The wood structure of 78 species from 27 genera representing the woody primuloids (Maesaceae, Myrsinaceae, and Theophrastaceae) was investigated using light microscopy (LM) and scanning electron microscopy (SEM). Results indicated that the ray structure, the nature of mineral inclusions, and the occurrence of breakdown areas in rays can be used to separate the three primuloid families from each other. Within Ericales, the presence of exclusively multiseriate rays is synapomorphic for Myrsinaceae and Theophrastaceae, and the occurrence of breakdown areas in rays is synapomorphic for Myrsinaceae. Within Myrsinaceae, the wood structure of the mangrove genus Aegiceras differs because it has short vessel elements that are storied, non-septate fibers, a combination of low uni- and multiseriate rays, and multiseriate rays with exclusively procumbent body ray cells. The aberrant wood anatomy of Coris and Lysimachia can be explained by their secondary woodiness. Within Theophrastaceae, Clavija and Theophrasta can be distinguished from Bonellia, Jacquinia, and Deherainia. The recent division of Jacquinia s.l. into Jacquinia s.s. and Bonellia is supported by a difference in mineral inclusions.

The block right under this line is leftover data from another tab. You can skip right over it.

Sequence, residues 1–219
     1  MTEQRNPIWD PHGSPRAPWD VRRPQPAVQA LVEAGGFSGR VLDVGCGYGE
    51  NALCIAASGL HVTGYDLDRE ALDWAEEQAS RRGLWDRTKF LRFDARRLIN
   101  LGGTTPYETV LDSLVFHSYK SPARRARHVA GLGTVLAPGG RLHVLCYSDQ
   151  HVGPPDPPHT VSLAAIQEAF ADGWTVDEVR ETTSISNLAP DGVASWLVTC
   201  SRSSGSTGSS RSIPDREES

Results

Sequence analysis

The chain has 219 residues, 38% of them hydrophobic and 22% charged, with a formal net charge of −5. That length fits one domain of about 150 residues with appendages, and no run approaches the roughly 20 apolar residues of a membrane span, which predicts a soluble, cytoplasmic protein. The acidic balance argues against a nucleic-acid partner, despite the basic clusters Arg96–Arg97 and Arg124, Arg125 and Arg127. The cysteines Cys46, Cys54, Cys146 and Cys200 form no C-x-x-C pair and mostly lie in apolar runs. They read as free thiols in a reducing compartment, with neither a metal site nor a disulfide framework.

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Systematic Botany
Staff publications

Lens, F., Jansen, S., Caris, P., Serlet, L., & Smets, E. (2005). Comparative Wood Anatomy of the Primuloid Clade (Ericales s.l.). Systematic Botany, 30(1), 163–183.